At Shiki's haiku museum in Matsuyama, his almost-lifesize cardboard likeness shocked me as I came around a corner. His watercolors of persimmons, which he loved, and some of his belongings and other writings are in this museum, and their small paper frailty brings forth the man who died such a young and slow painful death from spinal tuberculosis.. It hasn't been that long ago, really, maybe slightly more than 100 years that he lived here and wrote so many astonishing haiku. Here are two of them in English versions.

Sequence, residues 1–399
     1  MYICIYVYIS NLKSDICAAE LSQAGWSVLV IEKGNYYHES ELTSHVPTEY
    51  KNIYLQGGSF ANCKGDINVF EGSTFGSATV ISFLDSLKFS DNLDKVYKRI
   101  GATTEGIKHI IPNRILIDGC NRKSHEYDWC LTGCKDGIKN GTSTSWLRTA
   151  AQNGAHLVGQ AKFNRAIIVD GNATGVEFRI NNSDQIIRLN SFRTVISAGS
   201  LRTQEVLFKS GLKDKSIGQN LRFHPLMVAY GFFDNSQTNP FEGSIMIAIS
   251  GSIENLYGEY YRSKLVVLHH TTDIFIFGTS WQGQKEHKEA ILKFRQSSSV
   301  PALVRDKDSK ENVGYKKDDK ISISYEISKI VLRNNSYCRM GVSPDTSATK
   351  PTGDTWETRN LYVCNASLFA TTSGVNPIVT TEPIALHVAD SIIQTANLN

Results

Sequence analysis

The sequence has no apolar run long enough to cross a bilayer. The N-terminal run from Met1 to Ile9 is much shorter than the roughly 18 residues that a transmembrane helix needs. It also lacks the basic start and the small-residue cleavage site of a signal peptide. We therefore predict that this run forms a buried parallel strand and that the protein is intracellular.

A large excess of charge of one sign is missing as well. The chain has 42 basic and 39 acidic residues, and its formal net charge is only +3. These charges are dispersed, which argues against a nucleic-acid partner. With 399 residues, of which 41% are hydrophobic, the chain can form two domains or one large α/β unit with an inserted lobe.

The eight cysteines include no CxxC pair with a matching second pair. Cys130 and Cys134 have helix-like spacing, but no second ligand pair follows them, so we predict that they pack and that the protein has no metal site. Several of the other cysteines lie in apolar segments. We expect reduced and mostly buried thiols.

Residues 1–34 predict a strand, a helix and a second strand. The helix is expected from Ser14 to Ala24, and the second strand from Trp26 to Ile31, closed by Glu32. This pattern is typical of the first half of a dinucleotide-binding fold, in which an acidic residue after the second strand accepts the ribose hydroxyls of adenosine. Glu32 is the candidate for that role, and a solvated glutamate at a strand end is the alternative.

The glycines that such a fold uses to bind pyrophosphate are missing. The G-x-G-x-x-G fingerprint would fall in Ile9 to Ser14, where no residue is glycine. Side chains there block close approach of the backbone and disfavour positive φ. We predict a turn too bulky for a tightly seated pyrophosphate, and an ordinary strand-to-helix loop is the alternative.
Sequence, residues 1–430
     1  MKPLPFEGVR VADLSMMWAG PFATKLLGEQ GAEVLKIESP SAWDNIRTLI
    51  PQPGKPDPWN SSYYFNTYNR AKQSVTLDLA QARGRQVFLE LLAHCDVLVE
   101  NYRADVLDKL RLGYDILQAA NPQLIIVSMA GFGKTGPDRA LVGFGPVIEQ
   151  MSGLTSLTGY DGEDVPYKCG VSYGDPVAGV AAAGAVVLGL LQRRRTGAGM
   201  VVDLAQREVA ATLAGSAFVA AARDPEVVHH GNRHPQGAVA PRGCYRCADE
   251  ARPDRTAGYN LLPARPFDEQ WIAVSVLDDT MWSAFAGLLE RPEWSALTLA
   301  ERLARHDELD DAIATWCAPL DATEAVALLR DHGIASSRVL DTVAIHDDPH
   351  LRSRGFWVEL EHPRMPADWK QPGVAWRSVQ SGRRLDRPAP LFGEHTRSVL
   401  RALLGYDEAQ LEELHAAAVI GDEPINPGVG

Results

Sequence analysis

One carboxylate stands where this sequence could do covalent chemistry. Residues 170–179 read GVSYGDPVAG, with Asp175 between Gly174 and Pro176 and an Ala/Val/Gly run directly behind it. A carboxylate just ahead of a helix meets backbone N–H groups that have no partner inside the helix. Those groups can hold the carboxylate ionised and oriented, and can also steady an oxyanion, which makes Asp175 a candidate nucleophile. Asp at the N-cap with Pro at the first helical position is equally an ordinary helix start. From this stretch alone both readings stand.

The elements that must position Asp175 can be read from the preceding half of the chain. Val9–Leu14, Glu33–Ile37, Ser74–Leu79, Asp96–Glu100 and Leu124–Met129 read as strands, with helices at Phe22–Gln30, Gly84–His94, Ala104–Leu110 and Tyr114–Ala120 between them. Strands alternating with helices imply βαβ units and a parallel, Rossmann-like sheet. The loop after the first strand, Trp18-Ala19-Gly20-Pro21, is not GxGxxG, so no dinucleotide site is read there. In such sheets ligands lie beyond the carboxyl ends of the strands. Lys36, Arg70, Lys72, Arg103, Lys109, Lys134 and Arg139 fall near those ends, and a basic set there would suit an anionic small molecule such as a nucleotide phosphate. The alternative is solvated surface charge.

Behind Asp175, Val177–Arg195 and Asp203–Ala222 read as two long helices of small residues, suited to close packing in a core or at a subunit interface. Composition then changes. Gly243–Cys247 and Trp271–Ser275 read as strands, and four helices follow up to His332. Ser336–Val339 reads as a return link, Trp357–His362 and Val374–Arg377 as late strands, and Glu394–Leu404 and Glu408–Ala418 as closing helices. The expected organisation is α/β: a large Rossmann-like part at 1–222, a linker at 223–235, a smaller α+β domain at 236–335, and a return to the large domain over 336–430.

an iris whiter at twilight in spring
A carp leaps up crinkling the autumn moonlight
Look around, something womdeful is happening where you are, something of the grass, the birds or the trees. Walk down by the creek and look. Last night on TV we watched a show about Kit Carson, whose Arapahoe wife's name, Waa-Nibe, translates as Singing Grass. Right now in California, after the rains, grass spears spring up everywhere. Maybe they are singing . . .